Whether the program continues is up to the students, she said. “Things come and go on a college campus, you have to change,” Sister Pam said. “I see that as part of (Saint) Angela’s charism.”
Even if the program ceases, she will continue a weekly meal at Saint Joseph’s Table, she said.
“A meal became very important, college students rarely sit down to a family meal,” Sister Pam said. Students take turns cooking the weekly meal and everyone helps clean up she said.
Sister Pam was an associate professor at Brescia from 1981-1992 in speech language pathology, and said she sees students differently now because her role is different.
“Before, I felt responsible for their education in what I was teaching. I was hard on them, so they’d be prepared,” she said. “I can’t be as responsible for them now. I’m not exactly their friend, in a way, they see me as a grandmother type.”
The university offers an optional mental health screening to students, the results of which were eye-opening to Sister Pam. “There are a lot more students diagnosed with mental health issues, like bipolar disorder, depression, and anxiety. It interferes with their lives,” she said. “They are always competing. Parents need to know the stress level their child is functioning in.”
During her first year as campus minister, while the counselor was off campus, an instructor told Sister Pam that two students were talking about committing suicide. She was ill prepared to deal with that, but has since become a certified instructor in suicide prevention.
Aside from helping students who are struggling, campus ministry is designed to help people “flourish to be the best they can be,” Sister Pam said.
“I do a lot of liturgy planning for Mass and penance services,” she said. She is filling the same role for the Ursuline Convocation, a once-every-three-years gathering among Ursuline Sisters in Cleveland July 1-4. “Who would have ever thought I would be in charge of liturgy and prayer services?”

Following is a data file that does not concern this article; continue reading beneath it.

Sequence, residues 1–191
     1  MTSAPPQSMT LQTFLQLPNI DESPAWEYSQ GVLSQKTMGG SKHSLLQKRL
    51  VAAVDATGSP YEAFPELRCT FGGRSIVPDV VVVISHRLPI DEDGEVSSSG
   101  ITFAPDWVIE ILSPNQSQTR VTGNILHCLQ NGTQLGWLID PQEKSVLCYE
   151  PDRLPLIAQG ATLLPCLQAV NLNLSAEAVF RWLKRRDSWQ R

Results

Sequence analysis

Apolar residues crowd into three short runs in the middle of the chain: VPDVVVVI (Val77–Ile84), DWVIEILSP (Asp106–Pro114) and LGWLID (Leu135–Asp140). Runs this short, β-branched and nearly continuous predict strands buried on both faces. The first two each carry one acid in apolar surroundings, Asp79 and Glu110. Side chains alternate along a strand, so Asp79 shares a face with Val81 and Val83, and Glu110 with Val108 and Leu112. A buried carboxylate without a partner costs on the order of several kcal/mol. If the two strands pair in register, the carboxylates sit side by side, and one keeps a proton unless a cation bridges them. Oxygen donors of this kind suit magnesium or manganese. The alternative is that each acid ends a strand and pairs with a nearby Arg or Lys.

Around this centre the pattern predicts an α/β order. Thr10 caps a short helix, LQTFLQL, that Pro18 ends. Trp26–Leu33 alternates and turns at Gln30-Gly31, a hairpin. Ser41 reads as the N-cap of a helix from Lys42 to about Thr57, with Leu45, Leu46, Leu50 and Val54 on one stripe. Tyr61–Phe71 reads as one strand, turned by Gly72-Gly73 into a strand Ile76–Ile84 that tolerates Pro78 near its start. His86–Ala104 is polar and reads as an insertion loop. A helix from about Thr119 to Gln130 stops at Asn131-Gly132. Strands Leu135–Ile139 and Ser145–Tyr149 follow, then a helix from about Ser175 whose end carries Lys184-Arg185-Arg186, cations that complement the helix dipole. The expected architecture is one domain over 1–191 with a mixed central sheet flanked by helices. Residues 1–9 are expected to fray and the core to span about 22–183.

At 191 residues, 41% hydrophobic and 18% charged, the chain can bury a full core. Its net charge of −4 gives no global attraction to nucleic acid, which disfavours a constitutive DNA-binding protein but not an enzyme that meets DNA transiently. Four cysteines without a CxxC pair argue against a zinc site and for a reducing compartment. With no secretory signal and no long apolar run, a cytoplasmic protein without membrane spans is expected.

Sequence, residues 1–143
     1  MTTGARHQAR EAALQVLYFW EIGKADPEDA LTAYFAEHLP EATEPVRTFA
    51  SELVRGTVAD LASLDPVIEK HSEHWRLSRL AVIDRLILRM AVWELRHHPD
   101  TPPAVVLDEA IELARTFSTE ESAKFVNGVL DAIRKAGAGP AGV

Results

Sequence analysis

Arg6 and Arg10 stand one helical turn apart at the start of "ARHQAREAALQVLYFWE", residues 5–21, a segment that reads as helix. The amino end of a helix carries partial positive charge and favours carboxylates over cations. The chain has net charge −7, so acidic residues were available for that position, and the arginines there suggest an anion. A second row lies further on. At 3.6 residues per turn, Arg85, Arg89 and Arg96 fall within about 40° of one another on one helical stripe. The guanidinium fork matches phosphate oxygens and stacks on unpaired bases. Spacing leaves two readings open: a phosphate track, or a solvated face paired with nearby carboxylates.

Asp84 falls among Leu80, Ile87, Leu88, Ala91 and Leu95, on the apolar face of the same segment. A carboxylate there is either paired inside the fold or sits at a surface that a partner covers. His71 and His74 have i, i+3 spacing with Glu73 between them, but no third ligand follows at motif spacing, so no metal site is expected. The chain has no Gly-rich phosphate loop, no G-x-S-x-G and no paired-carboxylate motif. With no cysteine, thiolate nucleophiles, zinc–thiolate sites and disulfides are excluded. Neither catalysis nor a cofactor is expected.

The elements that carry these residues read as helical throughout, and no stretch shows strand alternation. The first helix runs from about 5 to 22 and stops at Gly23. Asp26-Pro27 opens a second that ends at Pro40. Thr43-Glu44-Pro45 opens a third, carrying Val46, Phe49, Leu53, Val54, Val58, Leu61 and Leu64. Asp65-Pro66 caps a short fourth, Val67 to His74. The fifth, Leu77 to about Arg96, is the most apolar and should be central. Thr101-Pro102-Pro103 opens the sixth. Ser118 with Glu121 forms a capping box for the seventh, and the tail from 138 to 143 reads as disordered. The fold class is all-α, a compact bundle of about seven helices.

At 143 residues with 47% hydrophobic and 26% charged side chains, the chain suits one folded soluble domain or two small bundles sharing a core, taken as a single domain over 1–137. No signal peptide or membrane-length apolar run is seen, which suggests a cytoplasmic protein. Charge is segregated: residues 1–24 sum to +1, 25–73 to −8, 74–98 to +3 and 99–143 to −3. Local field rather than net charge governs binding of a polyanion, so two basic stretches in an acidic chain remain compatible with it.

She puts on a “Busy Persons Retreat” in the fall, in which the retreat experience is worked out around a student’s schedule. “Most of the people who’ve discovered those are non-Catholics,” Sister Pam said. “Some want to continue with a spiritual director. I tell them they can work out a fee with a spiritual director, or they can talk to me for free.”
Sister Pam’s involvement in the initial Spiritual Direction Institute at the Mount Saint Joseph Conference and Retreat Center was a good experience for her, she said.
“It affirmed for me that I could listen. I’m a pretty good discerner with people,” she said. “It made me reflect on my growing up, and made me want to understand more about God.”
Siciliano says Sister Pam has a heart for justice. “That rough growing up has given her a heart for those who are struggling.”
Out of chaos came faith
Sister Pam’s name is not short for “Pamela.” It’s an acronym her parents gave her as a child for her full name, Patricia Ann Mueller. “If I heard ‘Patricia Ann,’ I knew I was in trouble,” she said.
Sister Pam was the youngest child and only daughter of Frances Henry and Carrie Elizabeth Mueller, and she has three brothers who range from two to seven years older. Her brother Jim is the color analyst for the Cleveland Browns. “I grew up pretty happy, despite it not being an easy life,” she said.
Born in Owensboro, the family moved to Evansville, Ind., then to three different cities in Florida by the time she was 10. “I was in Miami during the Bay of Pigs invasion,” she said. “When the Cuban refugees were coming to Miami, I thought the Communists were coming. I thought ‘Who will take Communion to people?”